Tuesday, 10 November 2015

Rolling Fork to Tallahatchie


In the 20s and 30s, American black jazz singers, Josephine Baker and Alberta Hunter, found their stardom, not in New York or Chicago, but in Paris and London. ‘The Negro artists,’ said Hunter, ‘went to Europe because we were recognised and given a chance. In Europe they had your name up in lights. People in the United States wouldn’t give us that opportunity.’ In the 50s and 60s this happened again with the great blues singers who played to packed houses at London’s 100 Club and the Marquee. It was Europe and the UK, in particular, that gave them the recognition they deserved. When these musicians arrived in London, their first booking was often at the Bromley Court Hotel, Catford, a short bus ride from my home in south London. Blues greats, Muddy Waters, John Lee Hooker, Howlin’ Wolf and Bo Diddley appeared there with British stars such as John Mayall, Alexis Corner and Spencer Davis. With his pencil moustache, red telecaster, sharp suits and from Rolling Fork, Mississippi - Muddy Waters “Got my Mojo Working”. The Bromley branch of CND used to hold meetings at the Swan and Mitre in the High Street, and I was delighted that being part of Ban the Bomb in South London meant I was among other blues’ fans. I remember one evening we cut the meeting short and decamped to the Court to hear Sonny Boy Williamson, another Delta blues man from Tallahatchie. Here they all are in a collation titled: 'American Folk Blues Festivals,1963 – 1966. The British Tours'. Be sure to check out Mamma Reed and “Baby What you Want Me to Do?” at 33:50  Much more on this in 'Left Field'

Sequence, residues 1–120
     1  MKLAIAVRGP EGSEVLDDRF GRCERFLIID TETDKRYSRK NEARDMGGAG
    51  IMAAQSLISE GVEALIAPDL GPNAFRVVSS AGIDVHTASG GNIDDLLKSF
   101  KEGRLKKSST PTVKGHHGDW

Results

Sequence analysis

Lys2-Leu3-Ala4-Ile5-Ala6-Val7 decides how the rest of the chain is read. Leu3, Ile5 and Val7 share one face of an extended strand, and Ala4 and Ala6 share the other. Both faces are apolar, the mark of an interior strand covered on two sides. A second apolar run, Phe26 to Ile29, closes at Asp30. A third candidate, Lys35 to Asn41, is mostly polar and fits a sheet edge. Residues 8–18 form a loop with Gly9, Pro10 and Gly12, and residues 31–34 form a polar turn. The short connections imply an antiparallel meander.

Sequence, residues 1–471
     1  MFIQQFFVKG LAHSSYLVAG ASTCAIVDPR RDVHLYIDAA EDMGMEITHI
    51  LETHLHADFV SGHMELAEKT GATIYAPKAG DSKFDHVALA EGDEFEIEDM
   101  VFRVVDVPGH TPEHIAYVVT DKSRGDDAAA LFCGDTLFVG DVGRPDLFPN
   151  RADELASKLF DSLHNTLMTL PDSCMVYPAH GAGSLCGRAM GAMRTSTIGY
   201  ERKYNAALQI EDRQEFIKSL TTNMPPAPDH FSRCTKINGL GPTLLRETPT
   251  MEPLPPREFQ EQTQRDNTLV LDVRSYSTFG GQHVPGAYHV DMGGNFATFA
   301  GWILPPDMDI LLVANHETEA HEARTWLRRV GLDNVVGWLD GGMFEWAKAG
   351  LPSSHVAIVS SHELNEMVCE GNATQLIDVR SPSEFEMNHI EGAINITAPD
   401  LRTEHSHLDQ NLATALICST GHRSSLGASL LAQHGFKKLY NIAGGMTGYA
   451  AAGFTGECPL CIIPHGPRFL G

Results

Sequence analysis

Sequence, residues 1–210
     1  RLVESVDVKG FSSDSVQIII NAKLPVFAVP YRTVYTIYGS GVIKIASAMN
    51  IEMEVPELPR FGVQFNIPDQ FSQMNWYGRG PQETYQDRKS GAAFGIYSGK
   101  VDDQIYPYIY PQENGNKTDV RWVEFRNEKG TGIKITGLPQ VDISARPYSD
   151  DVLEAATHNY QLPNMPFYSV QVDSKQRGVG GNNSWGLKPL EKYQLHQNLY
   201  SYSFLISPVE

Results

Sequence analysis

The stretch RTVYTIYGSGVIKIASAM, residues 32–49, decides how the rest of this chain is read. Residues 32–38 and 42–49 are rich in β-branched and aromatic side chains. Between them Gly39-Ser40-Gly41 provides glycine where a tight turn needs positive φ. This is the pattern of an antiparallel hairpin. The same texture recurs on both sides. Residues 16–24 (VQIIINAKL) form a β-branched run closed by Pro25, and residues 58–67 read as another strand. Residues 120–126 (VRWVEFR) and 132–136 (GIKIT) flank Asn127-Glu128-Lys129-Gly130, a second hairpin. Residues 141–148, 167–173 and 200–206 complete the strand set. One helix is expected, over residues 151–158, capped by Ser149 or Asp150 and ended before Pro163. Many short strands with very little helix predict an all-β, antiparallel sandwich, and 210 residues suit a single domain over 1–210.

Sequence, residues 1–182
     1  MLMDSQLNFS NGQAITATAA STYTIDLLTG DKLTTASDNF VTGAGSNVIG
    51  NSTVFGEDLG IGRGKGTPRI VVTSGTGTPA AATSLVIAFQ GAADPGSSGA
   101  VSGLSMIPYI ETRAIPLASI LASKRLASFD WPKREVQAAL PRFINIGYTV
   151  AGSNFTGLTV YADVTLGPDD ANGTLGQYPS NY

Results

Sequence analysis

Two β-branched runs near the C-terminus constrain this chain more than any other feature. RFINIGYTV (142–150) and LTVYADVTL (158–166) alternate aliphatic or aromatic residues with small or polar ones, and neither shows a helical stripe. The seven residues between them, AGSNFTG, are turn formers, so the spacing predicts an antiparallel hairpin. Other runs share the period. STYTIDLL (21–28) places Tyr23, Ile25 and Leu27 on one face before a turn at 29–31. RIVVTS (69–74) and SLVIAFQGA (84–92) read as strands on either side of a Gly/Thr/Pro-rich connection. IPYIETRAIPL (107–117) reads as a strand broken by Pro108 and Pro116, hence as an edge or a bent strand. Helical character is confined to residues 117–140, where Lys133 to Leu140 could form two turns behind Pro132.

NOTE: I am going to see DUBIOZA KOLEKTIV at 100 Club in London on 20 November. I saw this gig in Belgrade in 2014 - my good friend, Oha Maslo is guest singer towards the end. They played Glastonbury this year and this is their 2nd appearance in the UK. Many more to follow I hope.


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